“The way to see how beautiful earth is, is to see it from the moon”  

Ursula K. LeGuin, The Dispossessed.

I start with this quote from LeGuin because, well, I love LeGuin and I’ll find any way to incorporate her work or life. For context, here is a longer excerpt, spoken by the alien Shevek, in reference to the barren moon he used to live on and the moon’s orbiting planet he lives on now:

“If you can see a thing whole,” he said, “it seems that it’s always beautiful. Planets, lives…But close up, a world’s all dirt and rocks. And day to day, life’s a hard job, you get tired, you lose the pattern. You need distance, interval. The way to see how beautiful earth is, is to see it from the moon. The way to see how beautiful life is, is from the vantage point of death.”

[Photo by The New York Public Library]

The phrase that stuck with me was “you need distance, interval.” YES! This is good advice in any aspect of our lives, but it made me think of writing; how on the one hand, we need to give our stories temporal space (leave a draft in a drawer for a few weeks, months), but also how we need metaphysical space from the stories we want to tell.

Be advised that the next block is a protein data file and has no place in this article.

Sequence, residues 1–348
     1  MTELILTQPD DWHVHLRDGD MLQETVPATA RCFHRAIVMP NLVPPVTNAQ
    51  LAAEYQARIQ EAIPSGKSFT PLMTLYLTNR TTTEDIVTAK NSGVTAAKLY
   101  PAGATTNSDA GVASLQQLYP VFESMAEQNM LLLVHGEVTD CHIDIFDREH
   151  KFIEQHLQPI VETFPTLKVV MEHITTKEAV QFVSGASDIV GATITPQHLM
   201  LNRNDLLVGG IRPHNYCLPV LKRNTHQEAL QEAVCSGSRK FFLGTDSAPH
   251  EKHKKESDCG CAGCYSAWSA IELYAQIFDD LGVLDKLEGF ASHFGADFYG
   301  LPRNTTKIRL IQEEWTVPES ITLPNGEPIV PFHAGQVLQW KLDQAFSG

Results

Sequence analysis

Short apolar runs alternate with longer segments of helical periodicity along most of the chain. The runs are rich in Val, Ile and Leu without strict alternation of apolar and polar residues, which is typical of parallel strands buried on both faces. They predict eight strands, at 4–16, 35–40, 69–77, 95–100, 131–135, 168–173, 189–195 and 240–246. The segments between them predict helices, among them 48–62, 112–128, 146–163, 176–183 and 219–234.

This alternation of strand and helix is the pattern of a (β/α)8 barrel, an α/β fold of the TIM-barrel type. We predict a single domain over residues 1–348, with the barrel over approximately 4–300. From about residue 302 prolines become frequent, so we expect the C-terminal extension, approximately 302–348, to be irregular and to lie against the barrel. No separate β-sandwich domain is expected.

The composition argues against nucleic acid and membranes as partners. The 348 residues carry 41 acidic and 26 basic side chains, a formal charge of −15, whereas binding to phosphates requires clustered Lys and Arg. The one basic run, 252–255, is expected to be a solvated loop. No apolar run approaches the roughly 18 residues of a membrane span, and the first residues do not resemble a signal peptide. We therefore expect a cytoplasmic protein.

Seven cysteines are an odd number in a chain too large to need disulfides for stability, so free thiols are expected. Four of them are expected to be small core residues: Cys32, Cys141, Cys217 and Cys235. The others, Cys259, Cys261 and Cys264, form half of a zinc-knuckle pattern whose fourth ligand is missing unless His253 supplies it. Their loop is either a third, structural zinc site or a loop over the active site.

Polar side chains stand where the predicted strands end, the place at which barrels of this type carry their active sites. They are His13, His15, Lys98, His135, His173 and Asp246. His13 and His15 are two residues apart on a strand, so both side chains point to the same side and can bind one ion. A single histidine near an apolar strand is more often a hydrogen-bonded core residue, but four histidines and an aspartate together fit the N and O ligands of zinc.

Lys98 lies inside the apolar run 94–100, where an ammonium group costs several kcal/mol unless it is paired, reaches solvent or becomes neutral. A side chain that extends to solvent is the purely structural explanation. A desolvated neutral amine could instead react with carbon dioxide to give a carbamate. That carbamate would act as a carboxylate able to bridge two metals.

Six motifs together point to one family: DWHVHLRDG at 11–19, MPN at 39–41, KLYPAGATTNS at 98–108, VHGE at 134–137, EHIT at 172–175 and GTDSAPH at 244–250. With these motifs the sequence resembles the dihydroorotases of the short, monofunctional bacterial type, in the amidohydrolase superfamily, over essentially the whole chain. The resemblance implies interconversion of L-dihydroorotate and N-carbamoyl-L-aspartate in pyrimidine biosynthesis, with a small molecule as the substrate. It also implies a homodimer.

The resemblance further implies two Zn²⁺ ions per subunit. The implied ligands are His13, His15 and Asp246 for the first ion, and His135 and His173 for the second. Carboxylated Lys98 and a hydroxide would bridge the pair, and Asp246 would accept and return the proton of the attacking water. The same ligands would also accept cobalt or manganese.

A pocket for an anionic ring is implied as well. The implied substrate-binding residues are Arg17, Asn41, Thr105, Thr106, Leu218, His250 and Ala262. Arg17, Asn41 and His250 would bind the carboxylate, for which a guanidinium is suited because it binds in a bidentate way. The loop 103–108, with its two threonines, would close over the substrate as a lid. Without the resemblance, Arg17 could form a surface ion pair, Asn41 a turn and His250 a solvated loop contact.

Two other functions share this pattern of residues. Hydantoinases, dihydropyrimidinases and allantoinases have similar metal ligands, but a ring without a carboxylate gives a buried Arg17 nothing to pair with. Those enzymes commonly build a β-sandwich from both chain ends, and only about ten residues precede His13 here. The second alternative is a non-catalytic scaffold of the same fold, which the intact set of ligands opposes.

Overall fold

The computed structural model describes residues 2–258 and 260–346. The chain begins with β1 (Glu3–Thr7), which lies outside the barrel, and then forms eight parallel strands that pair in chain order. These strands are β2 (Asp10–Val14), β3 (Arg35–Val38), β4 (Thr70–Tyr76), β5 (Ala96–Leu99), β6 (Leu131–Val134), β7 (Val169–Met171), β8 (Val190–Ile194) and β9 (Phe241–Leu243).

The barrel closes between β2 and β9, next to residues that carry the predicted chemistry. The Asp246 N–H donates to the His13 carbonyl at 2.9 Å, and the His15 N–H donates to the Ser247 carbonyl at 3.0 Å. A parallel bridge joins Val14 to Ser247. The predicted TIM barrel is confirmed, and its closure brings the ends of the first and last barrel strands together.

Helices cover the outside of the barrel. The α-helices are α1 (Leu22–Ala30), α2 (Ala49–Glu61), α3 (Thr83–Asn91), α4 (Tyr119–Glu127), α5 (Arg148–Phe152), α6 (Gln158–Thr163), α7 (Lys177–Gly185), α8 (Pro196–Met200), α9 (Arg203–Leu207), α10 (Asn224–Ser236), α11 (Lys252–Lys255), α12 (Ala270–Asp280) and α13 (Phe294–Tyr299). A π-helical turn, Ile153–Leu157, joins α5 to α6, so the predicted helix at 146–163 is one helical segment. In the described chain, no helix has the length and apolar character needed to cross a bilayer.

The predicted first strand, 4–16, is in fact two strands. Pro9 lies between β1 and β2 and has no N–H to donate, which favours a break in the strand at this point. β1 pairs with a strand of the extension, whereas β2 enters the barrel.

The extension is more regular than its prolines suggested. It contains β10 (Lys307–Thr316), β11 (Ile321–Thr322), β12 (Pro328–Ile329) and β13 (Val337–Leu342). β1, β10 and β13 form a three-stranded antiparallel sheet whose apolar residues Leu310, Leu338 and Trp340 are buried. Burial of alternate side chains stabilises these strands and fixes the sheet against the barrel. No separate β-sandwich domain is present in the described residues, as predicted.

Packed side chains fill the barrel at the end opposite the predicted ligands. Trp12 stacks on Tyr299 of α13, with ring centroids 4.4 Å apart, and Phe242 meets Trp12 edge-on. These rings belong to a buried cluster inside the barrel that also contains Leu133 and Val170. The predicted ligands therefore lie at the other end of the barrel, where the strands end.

That is to say, we don’t necessarily know what we need or how best to approach it…and this is the ultimate purpose of the workshop. How best to trick ourselves into writing well. How to land on a way of telling a story we didn’t expect. How to break the routine in terms of where, when, why, what, who, and how. 

One thing that really stuck with me from my MFA program was when a fellow student used the word “vehicle” to describe a story. A story’s frame is the vehicle for what we want to say, which is always there (be it from a conscious state or subconscious one), but finding the correct medium or approach can be the challenge.

So, how do we find the vehicle? In short, I don’t know! We all don’t know! But that’s not going to stop us from trying!   

Below are today’s writing exercises and prompts. Do all of them or choose one or two. Or stare out the window.